Donâ€™t Let Others Pull You Down When Youâ€™re Trying to Pull Yourself Up
By Glenn Shepard
People have a strange habit of discouraging others anytime they try to improve themselves. This applies to everything from finances to health to careers. I constantly encounter this when people discover that Iâ€™ve never bought a new car. Iâ€™ve always known that a high quality used car is a far better deal than a new one that loses 25 percent of its value the day itâ€™s driven home. My lifelong philosophy on this was confirmed when Tom Stanley and William Danko reported in The Millionaire Next Door that the average millionaire never buys new cars and later by financial guru Dave Ramsey. Yet the people who mock me for this the most are those who are drowning in a sea of debt including huge car payments.
I also encountered this when I went on a low carbohydrate diet. I was amazed at how quick people were to tell me the diet was unhealthy and that I should get off it immediately. Many were graphic in describing how all the red meat would block my arteries and kill me. None of those critics ever cared enough to learn that I actually ate more fish and chicken once I started the diet, and far less red meat than I ate before I started it. My cholesterol dropped dramatically and I lost 52 pounds, which I have kept off for seven years. I find it ironic that none of those critics ever said, â€œGlenn, youâ€™re fat and itâ€™s bad for your health. You need to lose weightâ€? before I went on the diet. Their criticism only came once I tried to improve my situation.
The same will happen to you when you try to improve your career. There will be people in your life that will discourage you from working harder. Theyâ€™ll purport to be concerned about your well-being but their concerns could be far less noble. If they were really concerned about you they would inquire about your financial situation or goals and offer you encouragement. Their real concern may be that they look lazy if you work too hard. Theyâ€™ll say things such as â€œDonâ€™t get so busy making a living that you forget to make a lifeâ€? or â€œDonâ€™t forget to smell the flowers along the way.â€? Look closely and youâ€™ll notice most of them canâ€™t afford any flowers to smell.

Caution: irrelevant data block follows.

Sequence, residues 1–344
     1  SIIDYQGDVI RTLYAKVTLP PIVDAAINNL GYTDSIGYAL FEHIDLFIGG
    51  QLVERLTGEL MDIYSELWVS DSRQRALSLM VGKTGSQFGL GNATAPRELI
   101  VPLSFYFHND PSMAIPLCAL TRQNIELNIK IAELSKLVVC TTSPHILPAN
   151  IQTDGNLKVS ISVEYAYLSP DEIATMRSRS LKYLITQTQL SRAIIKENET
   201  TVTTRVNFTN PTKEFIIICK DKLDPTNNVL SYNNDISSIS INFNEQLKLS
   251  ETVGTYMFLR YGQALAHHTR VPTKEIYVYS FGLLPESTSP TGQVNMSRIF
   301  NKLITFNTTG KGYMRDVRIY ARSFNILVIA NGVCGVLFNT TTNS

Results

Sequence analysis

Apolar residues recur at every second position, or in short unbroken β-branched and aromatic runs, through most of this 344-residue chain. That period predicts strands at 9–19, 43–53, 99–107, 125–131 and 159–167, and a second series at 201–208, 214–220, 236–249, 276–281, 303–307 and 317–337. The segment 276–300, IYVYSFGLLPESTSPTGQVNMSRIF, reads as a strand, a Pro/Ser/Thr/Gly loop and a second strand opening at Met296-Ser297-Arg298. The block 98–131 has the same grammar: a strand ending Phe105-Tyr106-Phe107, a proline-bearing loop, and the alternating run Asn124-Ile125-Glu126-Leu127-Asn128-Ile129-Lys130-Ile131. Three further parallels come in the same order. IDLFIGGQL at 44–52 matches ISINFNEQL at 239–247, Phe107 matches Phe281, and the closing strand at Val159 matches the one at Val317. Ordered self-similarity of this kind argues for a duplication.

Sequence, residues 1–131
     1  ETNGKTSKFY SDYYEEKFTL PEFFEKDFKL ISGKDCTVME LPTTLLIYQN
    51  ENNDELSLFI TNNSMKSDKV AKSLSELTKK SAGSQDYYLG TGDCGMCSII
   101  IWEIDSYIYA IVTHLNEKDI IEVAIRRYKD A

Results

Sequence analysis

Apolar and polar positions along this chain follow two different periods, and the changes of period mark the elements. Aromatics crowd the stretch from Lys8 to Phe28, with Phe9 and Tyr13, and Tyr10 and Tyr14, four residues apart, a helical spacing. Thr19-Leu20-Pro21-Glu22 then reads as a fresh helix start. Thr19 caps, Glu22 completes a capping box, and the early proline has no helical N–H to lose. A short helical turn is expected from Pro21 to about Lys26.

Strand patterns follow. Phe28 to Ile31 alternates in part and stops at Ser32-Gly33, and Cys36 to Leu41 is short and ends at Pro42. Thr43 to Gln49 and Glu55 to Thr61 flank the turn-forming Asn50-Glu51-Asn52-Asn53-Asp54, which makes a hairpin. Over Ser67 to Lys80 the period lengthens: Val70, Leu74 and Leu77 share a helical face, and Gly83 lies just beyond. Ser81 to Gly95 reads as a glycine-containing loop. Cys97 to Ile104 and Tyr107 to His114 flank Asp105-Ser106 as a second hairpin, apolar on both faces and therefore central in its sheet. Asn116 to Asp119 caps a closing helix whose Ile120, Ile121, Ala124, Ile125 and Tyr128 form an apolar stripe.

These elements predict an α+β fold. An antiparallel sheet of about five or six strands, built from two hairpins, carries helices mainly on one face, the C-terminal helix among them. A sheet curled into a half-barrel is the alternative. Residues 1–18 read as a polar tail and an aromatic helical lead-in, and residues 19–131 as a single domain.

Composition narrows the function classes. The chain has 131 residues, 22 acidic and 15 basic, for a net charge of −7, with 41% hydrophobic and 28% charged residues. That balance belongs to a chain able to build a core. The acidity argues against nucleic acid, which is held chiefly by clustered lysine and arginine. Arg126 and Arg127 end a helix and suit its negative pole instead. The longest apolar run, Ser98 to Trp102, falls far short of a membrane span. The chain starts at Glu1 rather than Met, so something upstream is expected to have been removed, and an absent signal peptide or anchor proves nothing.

This habit of pulling people down when they try to improve themselves isnâ€™t limited to humans. John Maxwell tells a story of a study done on how animals can pull each other down. Four monkeys were locked inside a room with a pole in the middle. A bunch of bananas hung from the top of the pole and one monkey tried to climb the pole to get them. The experimenters hit him with a blast of water that knocked him off the pole just as he reached the bananas. Each of the other three monkeys tried to reach the bananas and each was knocked off the pole by a blast of water. Eventually they all quit trying. The experimenters then replaced one monkey with a new one who didnâ€™t know about the water hose. He immediately tried to climb the pole but was pulled down by the others. The experimenters replaced each monkey one by one. Each new monkey tried to climb the pole and was pulled down. Eventually there were four monkeys who had never been hit with the blast of water. None of them would climb the pole but none knew why. Donâ€™t let the monkeys in your life pull you down while youâ€™re trying to climb the ladder of success.
Glenn Shepard live in Nashville, Tennessee, and is the author of the #1 Best-Seller â€œHow to Be the Employee Your Company Canâ€™t Live Withoutâ€?. He publishes a weekly newsletter titled â€œWork Is Not for Sissiesâ€? to help people succeed at their jobs. You can get a Free copy of his newsletter and his special report â€œHow to Avoid the Four Deadly Sins that Can Kill the Most Promising Careerâ€?â€? by going to http://www.glennshepard.com/free-resources.html